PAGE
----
<albert.scherbinsky at rogers.com> on
Thu Mar 1 19:07:04 PST 2007
Market corrections are healthy. World markets have
been going almost straight up for 4 years. A little
fear and respect for rational pricing is a good thing.
The sell off was triggered by the Chinese government
expressing concern and (possible actions) because
their equity markets were getting over heated. The
Chinese economy hasn't slowed much(yet). Their stock
prices were just climbing too fast.
The only thing to fear is inflation, and that isn't
looking too bad(yet). Possible near term sources of
inflation are energy, food, and relatively tight labor
markets. Inflation would cause central banks to
tighten monetary policy further possibly leading to a
dramatic economic slowing world wide. But again, this
doesn't look to be happening(yet). Many economists
were predicting that we'd be in recession by now. They
were wrong. 2.2% GDP ain't no recession. You may have
heard lots of chatter about a soft landing. We aren't
even headed for the runway. It's a low altitude fly
--- Eugen Leitl <eugen at leitl.org> wrote:
> On Wed, Feb 28, 2007 at 04:21:26PM -0500, Jeffrey
> Winter wrote:
> > Just pick up a couple of pounds of
> > rhodium and sit tight:
> > http://www.kitco.com/LFgif/rh1825lnb.gif
> It's not obvious this is real value, and will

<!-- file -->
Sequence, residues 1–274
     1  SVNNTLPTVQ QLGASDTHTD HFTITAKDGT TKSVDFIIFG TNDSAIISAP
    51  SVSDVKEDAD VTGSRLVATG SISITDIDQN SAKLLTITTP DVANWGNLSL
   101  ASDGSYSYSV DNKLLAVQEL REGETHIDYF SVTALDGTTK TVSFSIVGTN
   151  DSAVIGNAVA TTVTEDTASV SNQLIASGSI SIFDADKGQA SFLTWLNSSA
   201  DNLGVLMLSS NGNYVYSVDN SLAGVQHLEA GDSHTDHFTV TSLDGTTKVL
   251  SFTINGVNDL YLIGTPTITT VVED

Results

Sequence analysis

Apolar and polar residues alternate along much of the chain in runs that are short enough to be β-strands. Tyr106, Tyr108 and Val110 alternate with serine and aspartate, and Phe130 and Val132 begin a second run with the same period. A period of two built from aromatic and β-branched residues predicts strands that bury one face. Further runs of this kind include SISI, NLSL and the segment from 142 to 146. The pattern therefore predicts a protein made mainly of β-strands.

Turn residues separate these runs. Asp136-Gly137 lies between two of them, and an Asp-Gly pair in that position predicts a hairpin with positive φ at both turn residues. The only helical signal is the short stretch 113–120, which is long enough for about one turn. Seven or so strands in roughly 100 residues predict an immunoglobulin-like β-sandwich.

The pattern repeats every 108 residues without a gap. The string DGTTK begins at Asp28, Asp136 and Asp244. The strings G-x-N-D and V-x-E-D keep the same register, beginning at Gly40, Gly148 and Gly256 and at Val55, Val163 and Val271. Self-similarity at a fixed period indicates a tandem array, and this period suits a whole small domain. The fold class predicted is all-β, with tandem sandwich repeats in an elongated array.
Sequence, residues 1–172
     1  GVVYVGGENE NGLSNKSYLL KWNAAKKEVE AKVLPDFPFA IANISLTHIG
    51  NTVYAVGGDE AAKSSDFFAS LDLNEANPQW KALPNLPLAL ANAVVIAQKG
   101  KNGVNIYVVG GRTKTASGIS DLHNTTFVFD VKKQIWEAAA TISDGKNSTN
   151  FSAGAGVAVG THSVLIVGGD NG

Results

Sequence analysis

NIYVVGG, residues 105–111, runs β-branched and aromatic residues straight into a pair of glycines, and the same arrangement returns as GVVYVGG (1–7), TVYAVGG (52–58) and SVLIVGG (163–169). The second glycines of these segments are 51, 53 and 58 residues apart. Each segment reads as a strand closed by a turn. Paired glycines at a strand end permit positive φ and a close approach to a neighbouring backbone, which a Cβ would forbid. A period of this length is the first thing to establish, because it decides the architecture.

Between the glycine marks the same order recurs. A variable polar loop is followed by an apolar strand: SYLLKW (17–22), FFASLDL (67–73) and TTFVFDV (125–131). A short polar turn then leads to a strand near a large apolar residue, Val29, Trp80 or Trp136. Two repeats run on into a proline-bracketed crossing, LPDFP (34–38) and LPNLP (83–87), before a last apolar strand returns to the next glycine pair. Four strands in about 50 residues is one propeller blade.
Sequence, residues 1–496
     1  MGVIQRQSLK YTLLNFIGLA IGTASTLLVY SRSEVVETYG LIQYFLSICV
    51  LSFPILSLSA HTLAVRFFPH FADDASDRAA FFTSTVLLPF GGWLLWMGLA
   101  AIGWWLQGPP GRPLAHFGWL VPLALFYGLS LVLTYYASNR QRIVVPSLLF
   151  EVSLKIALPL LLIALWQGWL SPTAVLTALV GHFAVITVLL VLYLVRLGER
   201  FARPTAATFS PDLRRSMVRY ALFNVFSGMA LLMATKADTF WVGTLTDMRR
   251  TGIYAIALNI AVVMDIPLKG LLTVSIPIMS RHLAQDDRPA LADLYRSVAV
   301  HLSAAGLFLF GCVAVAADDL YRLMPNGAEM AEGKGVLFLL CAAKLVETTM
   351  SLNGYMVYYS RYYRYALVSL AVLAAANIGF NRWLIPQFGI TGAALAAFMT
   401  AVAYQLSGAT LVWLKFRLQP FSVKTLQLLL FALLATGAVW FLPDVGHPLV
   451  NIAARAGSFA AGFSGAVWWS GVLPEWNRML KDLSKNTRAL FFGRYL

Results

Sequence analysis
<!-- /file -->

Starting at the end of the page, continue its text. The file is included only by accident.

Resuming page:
> to go up. Look what happened to palladium. But as a
> fraction of a diverse basket, why not.
> Also, rhodium has mostly industrial use (rare), and
> bound to
> industry cycles. Ag/Au/Pt is probably easier to sell
> bullion, or as pieces hacked thereof (rubles were
> pieces hacked off by axes from round silver bars on
> I'm a bit worried of what will happen to the
> information economy
> if the physical economy goes down the drain.
> Advertising, online
> shops, generally consumers with broadband _and_ some
> income can suddenly become rather rare. On the other
> hand, if there's
> no work to do, people might spend a lot of time in
> virtual world,
> running away from ugly realities.
> I see Brussee hasn't yet commented (he's usually
> quick to):
> I'm absolutely an economic idiot, but his analysis,
> if the numbers
> are actually for real, looks correct (not at all
> sure about his TIPS
> tip, it's all greek to me, and others disagree,
> citing underreporting
> the inflation in CPI as a possible reason).
> Anyone read "Conquer the Crash"? Worth buying?
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